I saw a woman yesterday who has a familiar story. She told me about her busy full-time job, her family obligations, her health concerns and all the pressures in her life. We discussed her symptoms, which included poor concentration, tension in the neck and shoulders, irritability and difficulty sleeping. I gently explained that all of her symptoms are classically related to stress.
The human body is programmed to respond to stressful situations in a way that allowed us to survive in ancient times: we recognize a threat and our body gears up for fight or flight. Of course, millions of years ago, we were fighting or fleeing from wild animals. That's rarely the kind of stress we face today. But, our bodies cannot differentiate the threat of attack by tiger or a deadline at work. The physiologic response is the same in either case. A lot of people feel they are under constant pressure, so their sympathetic nervous system (that of the fight or flight response) is always firing. The body is flooded with stress hormones like epinephrine and cortisol which help us to move fast and escape danger, at the expense of mental concentration, rest and digestion. We end up burnt out, finally exhausted physically, but with the mind still racing ahead, worrying about the next day.
So what is the remedy to daily pressure when we can't escape the stresses? We have to work and take care of family, after all. However, too often the priorities are out of sync with our own best health. My patient listed all of her obligations, and said she had no time to get help for herself. She was doing everything for everyone else, including things that could be delegated, and choosing to put herself in last place. I talked to her about reducing the stress response with proven remedies, such as talk therapy, yoga, meditation and massage. I could see her getting anxious trying to insert even one of these things into her schedule. After some problem solving, she was able to come up with a few things she could delegate, or allow to go undone for a day so she could find an hour here and there. She agreed to start meeting with a therapist right away. That's always a good outcome, because I know she'll feel better just having taken the step to put herself first for a change. All too often, though, I will see a patient like this for a follow-up and find out they haven't called the therapist or scheduled the massage or attended the weekly yoga class. And they aren't feeling better.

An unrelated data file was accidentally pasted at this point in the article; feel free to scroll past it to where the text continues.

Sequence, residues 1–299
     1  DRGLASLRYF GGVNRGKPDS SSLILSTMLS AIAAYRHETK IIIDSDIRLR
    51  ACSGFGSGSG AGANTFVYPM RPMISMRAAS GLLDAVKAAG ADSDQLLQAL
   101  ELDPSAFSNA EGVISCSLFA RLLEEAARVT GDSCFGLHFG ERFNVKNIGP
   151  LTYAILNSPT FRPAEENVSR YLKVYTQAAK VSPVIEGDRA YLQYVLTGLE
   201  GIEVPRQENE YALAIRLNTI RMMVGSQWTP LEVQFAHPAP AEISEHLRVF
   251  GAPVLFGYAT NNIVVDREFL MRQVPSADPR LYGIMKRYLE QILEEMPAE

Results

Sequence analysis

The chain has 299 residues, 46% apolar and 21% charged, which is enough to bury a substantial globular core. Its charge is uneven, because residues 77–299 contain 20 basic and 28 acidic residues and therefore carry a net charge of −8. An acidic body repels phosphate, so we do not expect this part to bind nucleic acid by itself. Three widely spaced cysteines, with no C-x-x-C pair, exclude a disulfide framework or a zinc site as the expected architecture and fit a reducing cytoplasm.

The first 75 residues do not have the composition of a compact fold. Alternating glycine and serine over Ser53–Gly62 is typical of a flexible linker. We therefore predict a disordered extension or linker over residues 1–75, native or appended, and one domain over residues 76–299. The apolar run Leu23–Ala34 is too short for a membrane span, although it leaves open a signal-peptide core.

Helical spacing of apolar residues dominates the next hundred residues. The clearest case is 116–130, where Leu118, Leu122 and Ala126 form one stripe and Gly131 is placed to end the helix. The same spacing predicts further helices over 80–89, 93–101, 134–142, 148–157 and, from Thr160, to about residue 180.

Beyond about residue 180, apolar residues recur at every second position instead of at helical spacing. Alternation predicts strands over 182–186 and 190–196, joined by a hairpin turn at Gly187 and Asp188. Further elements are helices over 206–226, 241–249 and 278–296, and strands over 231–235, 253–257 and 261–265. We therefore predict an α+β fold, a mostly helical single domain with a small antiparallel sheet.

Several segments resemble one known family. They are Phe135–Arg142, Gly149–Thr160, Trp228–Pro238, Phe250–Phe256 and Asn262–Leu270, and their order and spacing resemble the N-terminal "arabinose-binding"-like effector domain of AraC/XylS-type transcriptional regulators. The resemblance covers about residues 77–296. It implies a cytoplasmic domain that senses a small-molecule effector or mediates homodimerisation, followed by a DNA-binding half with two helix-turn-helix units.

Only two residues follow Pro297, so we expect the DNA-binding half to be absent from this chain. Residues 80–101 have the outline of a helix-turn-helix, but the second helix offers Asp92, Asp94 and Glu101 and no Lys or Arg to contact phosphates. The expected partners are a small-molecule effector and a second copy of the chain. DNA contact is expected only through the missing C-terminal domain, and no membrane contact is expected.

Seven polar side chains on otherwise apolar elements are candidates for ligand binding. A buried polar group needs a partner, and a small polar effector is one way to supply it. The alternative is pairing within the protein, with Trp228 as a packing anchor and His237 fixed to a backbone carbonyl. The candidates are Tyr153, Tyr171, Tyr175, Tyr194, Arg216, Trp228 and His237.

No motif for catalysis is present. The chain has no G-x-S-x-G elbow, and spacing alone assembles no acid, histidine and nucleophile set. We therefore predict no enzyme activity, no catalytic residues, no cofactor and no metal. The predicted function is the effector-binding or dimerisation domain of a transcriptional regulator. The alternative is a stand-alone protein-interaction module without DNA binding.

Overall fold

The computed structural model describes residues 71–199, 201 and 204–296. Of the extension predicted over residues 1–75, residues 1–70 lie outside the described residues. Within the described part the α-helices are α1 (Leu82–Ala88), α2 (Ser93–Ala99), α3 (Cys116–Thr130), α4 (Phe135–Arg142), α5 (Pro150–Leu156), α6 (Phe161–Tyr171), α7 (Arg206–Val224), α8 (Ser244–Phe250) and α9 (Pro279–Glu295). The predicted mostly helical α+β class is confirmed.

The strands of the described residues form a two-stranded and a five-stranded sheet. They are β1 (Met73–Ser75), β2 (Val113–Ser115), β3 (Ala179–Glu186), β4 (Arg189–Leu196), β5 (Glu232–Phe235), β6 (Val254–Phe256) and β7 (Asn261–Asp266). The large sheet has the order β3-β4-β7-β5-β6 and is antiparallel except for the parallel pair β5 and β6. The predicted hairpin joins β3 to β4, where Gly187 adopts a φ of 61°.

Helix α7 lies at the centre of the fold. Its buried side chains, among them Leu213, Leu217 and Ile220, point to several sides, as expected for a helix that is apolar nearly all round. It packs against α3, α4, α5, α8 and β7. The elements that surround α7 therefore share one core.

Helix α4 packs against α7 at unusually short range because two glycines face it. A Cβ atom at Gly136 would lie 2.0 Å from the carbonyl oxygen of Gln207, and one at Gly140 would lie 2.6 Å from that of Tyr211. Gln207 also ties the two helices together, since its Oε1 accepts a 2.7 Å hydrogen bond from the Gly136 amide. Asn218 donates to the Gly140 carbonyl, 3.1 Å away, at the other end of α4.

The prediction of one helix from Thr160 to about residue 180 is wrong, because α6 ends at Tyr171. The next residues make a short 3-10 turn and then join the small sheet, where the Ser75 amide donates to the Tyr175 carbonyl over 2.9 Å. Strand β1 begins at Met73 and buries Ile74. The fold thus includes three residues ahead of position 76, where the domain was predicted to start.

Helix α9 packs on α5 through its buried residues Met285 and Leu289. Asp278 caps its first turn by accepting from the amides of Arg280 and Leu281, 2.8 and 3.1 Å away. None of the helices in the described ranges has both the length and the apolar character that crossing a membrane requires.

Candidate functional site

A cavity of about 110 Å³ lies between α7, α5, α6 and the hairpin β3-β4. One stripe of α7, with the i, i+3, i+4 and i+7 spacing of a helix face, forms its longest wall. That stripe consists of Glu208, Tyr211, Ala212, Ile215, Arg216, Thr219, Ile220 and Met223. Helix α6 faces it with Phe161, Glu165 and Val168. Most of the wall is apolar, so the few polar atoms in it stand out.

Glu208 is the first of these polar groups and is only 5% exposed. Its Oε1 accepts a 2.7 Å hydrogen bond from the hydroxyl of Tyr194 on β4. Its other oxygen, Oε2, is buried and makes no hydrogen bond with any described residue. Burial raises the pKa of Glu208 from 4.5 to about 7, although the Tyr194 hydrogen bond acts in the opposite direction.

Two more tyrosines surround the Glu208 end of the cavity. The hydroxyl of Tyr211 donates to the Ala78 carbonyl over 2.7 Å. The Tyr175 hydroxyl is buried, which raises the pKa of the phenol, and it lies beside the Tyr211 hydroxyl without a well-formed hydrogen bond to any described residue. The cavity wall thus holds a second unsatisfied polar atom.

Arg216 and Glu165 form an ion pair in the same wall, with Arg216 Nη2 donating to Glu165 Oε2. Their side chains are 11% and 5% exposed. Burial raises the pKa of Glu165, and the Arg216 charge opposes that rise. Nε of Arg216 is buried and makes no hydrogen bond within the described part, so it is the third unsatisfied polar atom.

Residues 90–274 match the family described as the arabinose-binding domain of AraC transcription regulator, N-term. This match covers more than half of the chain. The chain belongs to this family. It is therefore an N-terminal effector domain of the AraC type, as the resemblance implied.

Why is it so easy to put ourselves behind every other obligation in life? I know from experience, if I'm not healthy and relaxed, everything else I undertake suffers. I bet you've noticed the same thing in your own life. I often say goodbye to people in conversation or email with the words Take Care. We throw this phrase around in casual conversation, and I often say it without thinking what I really mean. Today I recognize when I tell you to take care, I mean put yourself first, thinking of your own physical and emotional needs. So take care, please, and notice the difference you feel in your day.